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Judge Orders Release, During Appeal, Of Man Convicted Post-9/11 Of Soliciting Treason

Ali Al-Tamimi (center) walks with two unidentified men as they leave federal court in Alexandria, Va., in April 2005. A federal judge has ordered him released from prison pending the outcome of his appeals, which have been unresolved for more than a decade.
Ali Al-Tamimi (center) walks with two unidentified men as they leave federal court in Alexandria, Va., in April 2005. A federal judge has ordered him released from prison pending the outcome of his appeals, which have been unresolved for more than a decade.

An Islamic scholar and computational biologist sentenced to life in prison 15 years ago has been ordered released pending his still-unresolved appeal.

Ali Al-Tamimi, a native of Washington, D.C., was convicted in 2005 of soliciting treason and other charges for actions he took following the terrorist attacks of Sept. 11, 2001. He is currently an inmate in the U.S. Penitentiary in Florence, Colo., also known as Supermax.

U.S. District Judge Leonie Brinkema cited two primary reasons for Tamimi's release: the possibility of his contracting COVID-19 while in prison and recent Supreme Court decisions that make his appeal likely to succeed.

The charges against Tamimi stem from a dinner in an Alexandria, Va., mosque five days after the attacks on the World Trade Center and Pentagon. Tamimi, a lecturer in religious subjects, told a group of young men at the dinner that it would be necessary to defend Islam by fighting its enemies, including U.S. military forces that were expected to deploy to Afghanistan.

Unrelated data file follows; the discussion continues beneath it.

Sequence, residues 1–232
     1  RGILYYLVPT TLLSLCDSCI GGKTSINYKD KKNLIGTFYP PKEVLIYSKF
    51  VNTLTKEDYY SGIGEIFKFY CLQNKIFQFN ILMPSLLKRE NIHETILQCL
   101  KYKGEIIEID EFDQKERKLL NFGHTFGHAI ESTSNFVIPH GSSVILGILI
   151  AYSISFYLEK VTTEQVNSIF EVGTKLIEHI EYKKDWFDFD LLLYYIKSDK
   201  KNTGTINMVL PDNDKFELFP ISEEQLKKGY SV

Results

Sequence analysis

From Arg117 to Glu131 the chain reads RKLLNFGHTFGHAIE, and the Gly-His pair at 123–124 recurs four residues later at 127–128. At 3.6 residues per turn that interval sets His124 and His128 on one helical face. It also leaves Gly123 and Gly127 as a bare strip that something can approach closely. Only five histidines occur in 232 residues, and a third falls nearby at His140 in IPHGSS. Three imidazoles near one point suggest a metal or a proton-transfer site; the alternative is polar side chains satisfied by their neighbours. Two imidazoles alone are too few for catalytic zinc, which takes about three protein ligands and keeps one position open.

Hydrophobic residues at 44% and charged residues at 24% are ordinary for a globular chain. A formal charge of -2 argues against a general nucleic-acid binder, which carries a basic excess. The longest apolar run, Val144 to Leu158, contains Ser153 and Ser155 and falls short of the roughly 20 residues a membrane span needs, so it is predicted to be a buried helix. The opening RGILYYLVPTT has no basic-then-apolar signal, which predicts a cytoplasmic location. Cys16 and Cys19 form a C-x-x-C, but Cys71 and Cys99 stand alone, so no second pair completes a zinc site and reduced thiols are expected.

Several of the men trained with paintball guns in the Virginia woods and subsequently traveled to Pakistan, where they received military training at a camp run by Lashkar-e-Taiba, a group later defined as a terrorist organization by the U.S.

Tamimi and a number of men who were present at the dinner were charged with a range of crimes, though none actually carried out attacks.

In a 16-page memorandum, Brinkema wrote that several recent Supreme Court opinions, including United States v. Davis in 2019, "have changed much of the legal landscape underlying" the most serious charges against Tamimi. The various opinions concluded that the government's definition of a "crime of violence" was impermissably vague and have led to a number of convictions in other cases being overturned.

Brinkema wrote that because Tamimi had not been detained during his trial and had been a model prisoner, she did not consider him a flight risk.

Brinkema also wrote that Tamimi's medical conditions, the details of which were redacted, "sufficiently increase Al-Tamimi's risk of severe illness from COVID-19 ... [so that] his continued detention is not appropriate." Brinkema ordered Tamimi to be quarantined for 14 days and then confined to his mother's home.

Tamimi's attorneys filed a court motion for his release April 27. He has maintained that his conviction was because of unpopular speech. Tamimi's appeals have been unresolved for more than a decade.

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Corrected: August 20, 2020 at 12:00 AM EDT
Because of an editing error, the original headline of this story incorrectly stated that Ali Al-Tamimi had been convicted of terrorism. Al-Tamimi was found guilty of soliciting treason, among other crimes.